Once a bullied teen, Christopher Henry now has the friends and confidence he wanted.
by Donalevan Maines
Christopher Henry has the most amazing parents. He came out to them when he was only 10—and they were fine with it. When he was old enough to date, they let him have a boyfriend. Growing up in Katy, when his assistant principal “wasn’t supportive” of him, Henry says, “My mother wouldn’t take that as an answer.”
It gets better.
Henry liked playing volleyball, so in 2009 his parents found him a gay league in Houston, drove him to practice every week, and attended all of his games.
That was a turning point in his confidence, after enduring the hostility of fellow students in middle school and his first two years of high school. “Eating by myself, not having many friends, feeling ostracized when other people were hanging out at the mall,” he says.
Other players in the Lone Star Volleyball Association “would thank my parents and tell them it was really marvelous how they supported me,” says Henry. “I became more accepting of myself, and as I exuded more confidence, I was more accepted by others.”
In his senior year at Cinco Ranch High School, Henry was editor of the yearbook and the school newspaper. Fellow students nominated him for the homecoming court.
Now 20, Henry graduates in May with a degree in public relations after just three years at Texas State University in San
This summer, he backpacks through Europe. It’s his graduation gift from supportive parents Christopher Sr. and Christina.
Henry was a sixth-grader at a Catholic school in New York when he came out to his parents. “People always called me gay,” he explains, “but I was so young, I didn’t know what it was about. I looked it up and told my parents, and they were completely accepting of me.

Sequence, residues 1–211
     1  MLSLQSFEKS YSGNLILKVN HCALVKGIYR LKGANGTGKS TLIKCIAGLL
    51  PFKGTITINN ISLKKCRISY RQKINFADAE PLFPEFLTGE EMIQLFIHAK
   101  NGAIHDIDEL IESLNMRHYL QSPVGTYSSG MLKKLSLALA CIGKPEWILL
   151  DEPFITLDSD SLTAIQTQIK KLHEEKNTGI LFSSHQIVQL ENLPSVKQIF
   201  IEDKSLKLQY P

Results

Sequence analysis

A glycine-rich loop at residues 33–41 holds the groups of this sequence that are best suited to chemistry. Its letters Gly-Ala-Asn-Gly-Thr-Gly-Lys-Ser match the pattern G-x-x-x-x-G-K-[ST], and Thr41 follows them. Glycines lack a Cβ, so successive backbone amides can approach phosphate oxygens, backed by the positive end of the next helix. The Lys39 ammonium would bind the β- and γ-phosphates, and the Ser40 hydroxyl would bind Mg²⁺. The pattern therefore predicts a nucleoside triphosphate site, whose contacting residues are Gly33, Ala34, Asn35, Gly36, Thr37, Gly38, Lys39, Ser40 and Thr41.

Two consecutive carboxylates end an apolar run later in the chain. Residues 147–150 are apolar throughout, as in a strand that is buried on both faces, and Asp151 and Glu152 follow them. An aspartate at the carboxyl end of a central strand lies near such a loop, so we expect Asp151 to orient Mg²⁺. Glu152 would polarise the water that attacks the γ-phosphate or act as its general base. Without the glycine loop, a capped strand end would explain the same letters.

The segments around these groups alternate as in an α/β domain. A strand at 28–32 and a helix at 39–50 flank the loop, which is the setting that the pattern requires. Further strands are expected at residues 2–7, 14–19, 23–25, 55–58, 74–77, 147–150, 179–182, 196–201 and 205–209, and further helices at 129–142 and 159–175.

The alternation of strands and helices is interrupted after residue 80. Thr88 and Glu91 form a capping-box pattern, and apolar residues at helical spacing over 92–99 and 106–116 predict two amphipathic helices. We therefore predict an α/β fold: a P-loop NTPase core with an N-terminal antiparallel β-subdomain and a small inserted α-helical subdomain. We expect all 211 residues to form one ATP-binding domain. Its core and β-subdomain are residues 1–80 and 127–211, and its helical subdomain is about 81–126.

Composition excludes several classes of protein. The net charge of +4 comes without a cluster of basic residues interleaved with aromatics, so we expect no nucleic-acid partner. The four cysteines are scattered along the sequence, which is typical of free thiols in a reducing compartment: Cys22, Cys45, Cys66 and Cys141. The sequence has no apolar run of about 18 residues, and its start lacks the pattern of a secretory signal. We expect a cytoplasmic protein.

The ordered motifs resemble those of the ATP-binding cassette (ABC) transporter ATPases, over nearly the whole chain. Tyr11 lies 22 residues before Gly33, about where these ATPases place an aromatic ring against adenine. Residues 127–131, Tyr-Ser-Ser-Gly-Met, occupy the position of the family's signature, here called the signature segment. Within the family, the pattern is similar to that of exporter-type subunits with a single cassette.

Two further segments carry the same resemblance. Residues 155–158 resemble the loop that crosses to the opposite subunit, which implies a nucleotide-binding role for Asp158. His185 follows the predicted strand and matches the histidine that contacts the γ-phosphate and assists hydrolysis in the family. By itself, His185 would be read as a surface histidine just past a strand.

“I didn’t understand the stigma attached to it, but my parents told me it would be okay. They were so amazing and comforting. They told me that later in life, there would be people who love me for me.”
That summer, before Henry entered sixth grade, he and his parents moved to Katy. “There was no stigma for me, Texas versus New York,” he says. “Only later did I realize that Texas has such conservative public policies.”
In middle school, says Henry, his mother, “who was really invested in my life and my education,” made sure that his assistant principal and his counselor—both of whom were women—did their jobs. He still remembers their words of assurance: “You have three mothers now.”
High school was “difficult,” Henry says. “I had my first boyfriend in 10th grade, but I was out and he wasn’t, so we had to have our relationship in secrecy. We were not able to talk about it outside of my house,” says Henry. “When it ended after five months, I wasn’t able to tell my friends how it felt.”
Henry “only applied to colleges that were liberal in nature,” and he found a “fabulous” fit. “I made friends very early,” he says. “Texas State is very liberal. There are three different organizations on campus that focus completely on the LGBT community and how to help handle certain situations.”
In college, Henry has found friends “who love me for me,” which is what his parents promised him would happen. “Being gay is not something that people define me as,” he says.
Next fall, Henry says, “I’ll go back to New York and hopefully work in the PR and communications industry. I love learning about people and their lives. That might come from wanting to make friends and be accepted when I was younger.”
Never a star volleyball player, Henry says he still likes to play, even though he’s not that good.
“I still keep kneepads in my closet,” he says.
Donalevan Maines also writes about By the Way, Meet Vera Stark in this issue of OutSmart magazine.